Sunday, April 19, 2009

Meet Deliana Dale

This is Deliana Dale.
The first time I met Deliana she was busy stitching up a patient who’d come in that morning with several gunshot wounds. After the patient was bandaged up and sent on his way, the doctors in the La Carpio clinic sat around during a short break time and discussed their most recent patient, as well as the usual morning news of drug busts, car accidents, midnight robbing and murders. For some reason the local Costa Rica news channels enjoy starting off the day on a rather morbid note. All the gory stories come out bright and early while everyone eats breakfast. In any case, I watched Deliana as she talked, eyes wide with expression, shifting vigorously in her seat, as she declared emphatically that the only murderers who got tracked down were those who killed someone with enough notoriety and money for the police to make it worth their while. Her expressions and gestures were so animated, I hardly even needed to know any Spanish to understand her. A month later, when I began my Spanish class in which I interview people over the course of the trimester about different themes, she was one of the first people I called.

To understand why interviewing Deliana was so important, you have to understand a little bit about the area where she works – La Carpio. The shanty-town area of La Carpio, in the minds of Costa Ricans, is an area synonymous with poverty, crime, marginalization, contamination, and Nicaraguan migration. The people in this area are surrounded on two sides by rivers, and on one side by the city dump, which since the year 2000 has received 700 tons of waste. Daily. Half of the people living in La Carpio are Nicaraguan immigrants, many undocumented and nearly all scraping by on meager salaries. The average salary in this area, as estimated by the Costa Rican Joint Institute of Social Aid (Instituto Mixto de Ayuda Social de Costa Rica) is between $130 and $165 dollars per month. The area is also wrought with domestic violence and crime, although some statistics and articles I read challenge that. Even with such dangerous environmental hazards, Deliana explained to me that one of the biggest problems she saw in her patients was their diet. Her patients suffering from obesity, hypertension, and diabetes find it too hard to make a complete lifestyle change to eat healthier. I'll post another blog entry soon about La Carpio for some more information on the area.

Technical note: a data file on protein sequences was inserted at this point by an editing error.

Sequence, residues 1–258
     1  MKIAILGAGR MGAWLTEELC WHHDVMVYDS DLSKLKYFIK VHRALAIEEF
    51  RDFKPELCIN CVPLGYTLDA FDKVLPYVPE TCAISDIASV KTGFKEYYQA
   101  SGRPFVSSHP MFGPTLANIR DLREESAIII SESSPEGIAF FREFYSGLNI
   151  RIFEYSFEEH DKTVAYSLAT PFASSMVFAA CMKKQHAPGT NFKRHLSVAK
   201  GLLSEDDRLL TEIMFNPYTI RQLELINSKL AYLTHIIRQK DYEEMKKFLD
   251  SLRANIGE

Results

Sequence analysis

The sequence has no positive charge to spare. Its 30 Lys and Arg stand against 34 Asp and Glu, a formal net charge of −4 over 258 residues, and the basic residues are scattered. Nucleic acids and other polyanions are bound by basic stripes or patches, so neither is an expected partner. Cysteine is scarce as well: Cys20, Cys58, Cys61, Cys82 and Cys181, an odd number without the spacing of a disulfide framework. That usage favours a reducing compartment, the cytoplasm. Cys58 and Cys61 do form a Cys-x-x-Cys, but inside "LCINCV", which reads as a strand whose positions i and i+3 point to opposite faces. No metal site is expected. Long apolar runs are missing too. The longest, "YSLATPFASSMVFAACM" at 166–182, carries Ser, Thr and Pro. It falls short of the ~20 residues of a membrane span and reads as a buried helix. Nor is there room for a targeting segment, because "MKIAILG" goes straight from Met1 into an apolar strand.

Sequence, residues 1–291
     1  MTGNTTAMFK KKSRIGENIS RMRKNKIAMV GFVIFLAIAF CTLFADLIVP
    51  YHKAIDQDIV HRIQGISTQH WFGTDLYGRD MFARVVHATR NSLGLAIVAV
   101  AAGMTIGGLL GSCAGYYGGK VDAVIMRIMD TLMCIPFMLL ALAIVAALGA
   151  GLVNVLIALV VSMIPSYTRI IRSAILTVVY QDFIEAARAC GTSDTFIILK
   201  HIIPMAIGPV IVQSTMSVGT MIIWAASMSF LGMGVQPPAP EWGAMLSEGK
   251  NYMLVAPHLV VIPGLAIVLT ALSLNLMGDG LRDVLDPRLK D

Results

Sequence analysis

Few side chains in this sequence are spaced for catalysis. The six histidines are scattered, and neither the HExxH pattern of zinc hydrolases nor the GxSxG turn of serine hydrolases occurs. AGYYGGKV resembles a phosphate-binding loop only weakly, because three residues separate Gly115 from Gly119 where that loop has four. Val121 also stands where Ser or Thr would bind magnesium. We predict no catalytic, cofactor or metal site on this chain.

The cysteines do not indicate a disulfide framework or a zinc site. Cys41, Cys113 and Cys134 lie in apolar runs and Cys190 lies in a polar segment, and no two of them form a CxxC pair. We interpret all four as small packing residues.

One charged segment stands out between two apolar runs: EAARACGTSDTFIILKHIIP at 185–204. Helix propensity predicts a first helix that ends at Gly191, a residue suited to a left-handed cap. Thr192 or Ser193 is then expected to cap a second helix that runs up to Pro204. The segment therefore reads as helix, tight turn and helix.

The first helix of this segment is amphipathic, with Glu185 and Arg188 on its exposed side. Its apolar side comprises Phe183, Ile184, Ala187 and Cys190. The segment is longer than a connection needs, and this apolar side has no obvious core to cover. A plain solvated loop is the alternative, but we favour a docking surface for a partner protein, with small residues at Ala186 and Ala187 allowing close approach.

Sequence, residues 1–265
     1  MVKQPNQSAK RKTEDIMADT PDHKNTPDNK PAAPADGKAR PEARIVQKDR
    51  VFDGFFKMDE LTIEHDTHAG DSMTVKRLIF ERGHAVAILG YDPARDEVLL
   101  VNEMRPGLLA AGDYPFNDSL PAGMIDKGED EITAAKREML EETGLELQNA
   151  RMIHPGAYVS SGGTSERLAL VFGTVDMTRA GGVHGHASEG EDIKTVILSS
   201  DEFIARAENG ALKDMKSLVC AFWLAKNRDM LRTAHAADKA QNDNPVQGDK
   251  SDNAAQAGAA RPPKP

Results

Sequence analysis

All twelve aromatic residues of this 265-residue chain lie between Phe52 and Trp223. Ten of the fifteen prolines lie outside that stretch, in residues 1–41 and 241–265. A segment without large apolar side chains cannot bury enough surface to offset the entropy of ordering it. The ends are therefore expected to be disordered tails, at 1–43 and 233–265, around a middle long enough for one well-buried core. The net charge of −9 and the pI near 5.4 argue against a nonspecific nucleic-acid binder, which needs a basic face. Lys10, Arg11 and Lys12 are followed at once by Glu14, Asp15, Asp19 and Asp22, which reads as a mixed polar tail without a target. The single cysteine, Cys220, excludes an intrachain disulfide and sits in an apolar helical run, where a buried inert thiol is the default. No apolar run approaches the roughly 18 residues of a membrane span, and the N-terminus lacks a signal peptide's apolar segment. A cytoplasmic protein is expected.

Over the course of our interviews, I found out lots of interesting things about Deliana. Deliana grew up in Ecuador, accepted Christ at age 8, and decided to serve God as a missionary doctor at age 16. 9 years ago she came to Costa Rica to work with Christ For the City as a family doctor in La Carpio. She drives a nice rose-pink 2002 Toyota Yaris. It looks practically new. I asked her if she’d had any trouble parking it in La Carpio. None at all, she told me. “Watch where you’re throwing those rocks, you’ll hit the doctor’s car!” she’d heard people on the street yell at each other before they took their target practice somewhere else. However, her car had been broken into in San José and Escazu. Escazu is the rich expat part of town. But it’s never been touched in La Carpio.